Blockchain Reveals Feet of Clay


Blockchains are no longer as immutable as previously believed, which might give Wall Street second thoughts in its adoption.

When hackers exploited loopholes they found in the Distributed Autonomous Organization’s smart contracts, they stole approximately 3.6 million ether tokens (ETH) worth tens of millions of dollars.

As a result, Ethereum Project released a ‘hard fork’ for the Ethereum blockchain, which for intents and purposes dialed back the blockchain to the pre-hack status and tarnished the technology’s reputation of immutability.

Richard Johnson, Greenwich Associates

Richard Johnson, Greenwich Associates

“The hard fork certainly has highlighted some issues around the blockchain that the industry needs to think about or has not thought about seriously enough,” said Richard Johnson, senior analyst, market structure and technology at industry research firm Greenwich Associates.

Maybe there should be a mechanism to roll back changes made to a blockchain, he suggested. “When someone steals a digital asset, there is no outside mechanism to cancel that transaction or render what was stolen useless.”

A privately operated blockchain, the most likely type to be used in the financial markets, might have more security around it, but it still could be compromised by a bad actor in a similar way that bad actors hacked the SWIFT messaging network, noted Johnson.

“The vulnerabilities are less on a private network, but there is still potential there,” he said.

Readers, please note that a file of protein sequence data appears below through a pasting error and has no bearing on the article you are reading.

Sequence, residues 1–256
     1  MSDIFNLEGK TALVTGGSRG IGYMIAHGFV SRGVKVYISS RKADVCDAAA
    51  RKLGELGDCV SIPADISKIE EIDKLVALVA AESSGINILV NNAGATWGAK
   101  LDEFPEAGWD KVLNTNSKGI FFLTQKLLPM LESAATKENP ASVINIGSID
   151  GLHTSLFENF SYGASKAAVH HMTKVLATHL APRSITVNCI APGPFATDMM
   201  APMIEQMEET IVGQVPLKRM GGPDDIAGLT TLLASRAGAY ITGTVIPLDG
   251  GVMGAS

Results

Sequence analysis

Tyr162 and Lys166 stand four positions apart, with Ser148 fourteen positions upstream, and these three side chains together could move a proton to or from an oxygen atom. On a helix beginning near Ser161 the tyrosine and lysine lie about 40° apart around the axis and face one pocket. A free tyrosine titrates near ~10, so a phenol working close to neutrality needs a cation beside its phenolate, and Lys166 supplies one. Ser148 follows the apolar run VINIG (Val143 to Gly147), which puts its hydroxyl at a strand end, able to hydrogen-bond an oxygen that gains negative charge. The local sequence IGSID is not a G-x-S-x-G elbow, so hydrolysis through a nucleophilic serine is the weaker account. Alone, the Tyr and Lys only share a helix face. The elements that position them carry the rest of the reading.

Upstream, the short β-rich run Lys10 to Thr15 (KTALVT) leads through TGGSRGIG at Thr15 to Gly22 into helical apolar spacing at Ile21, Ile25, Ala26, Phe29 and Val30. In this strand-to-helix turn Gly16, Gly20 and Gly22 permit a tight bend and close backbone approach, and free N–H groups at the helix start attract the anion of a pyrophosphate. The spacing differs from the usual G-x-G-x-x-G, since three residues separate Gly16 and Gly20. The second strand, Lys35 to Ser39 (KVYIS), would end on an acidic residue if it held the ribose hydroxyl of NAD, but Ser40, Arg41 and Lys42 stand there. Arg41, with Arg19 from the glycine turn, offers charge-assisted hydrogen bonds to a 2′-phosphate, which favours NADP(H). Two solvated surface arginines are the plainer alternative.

Johnson also noted that the DAO hack involved exploiting the smart contract that powered the DAO, not the ethereum blockchain on which the DAO operated.

If companies plan to use smart contracts that have the potential of moving around significant sums of money, they should have better safeguards in place than were in place for the DAO, he suggested.

Another lesson Wall Street should take away from the DAO failure is that changes to a blockchain could have long-term consequences.

Before the Ethereum Project implemented its hard fork of its code, it polled the Ethereum community to see how many people wanted to fork the Ethereum code. Close to 85% wanted to adopt the new code while 15% wanted to remain using the unaltered Ethereum code.

After the Ethereum Project rolled out its fork, approximately 15% of the Ethereum community decided to remain using the original code, now dubbed ‘ethereum classic’ (ETC).

The new currency has the sixth largest market capitalization ($1.75 million) among electronic currencies compared to ethereum’s approximate $996 million market capitalization.

Alex Sunnarborg, founder and CFO of digital currency research firm Lawnmower, does not expect ethereum classic to be around for the long term.

“Some exchanges have added trading support for ethereum classic, which means that we might see some trading volume,” he said. “I tend to think that it will slowly fade away.”

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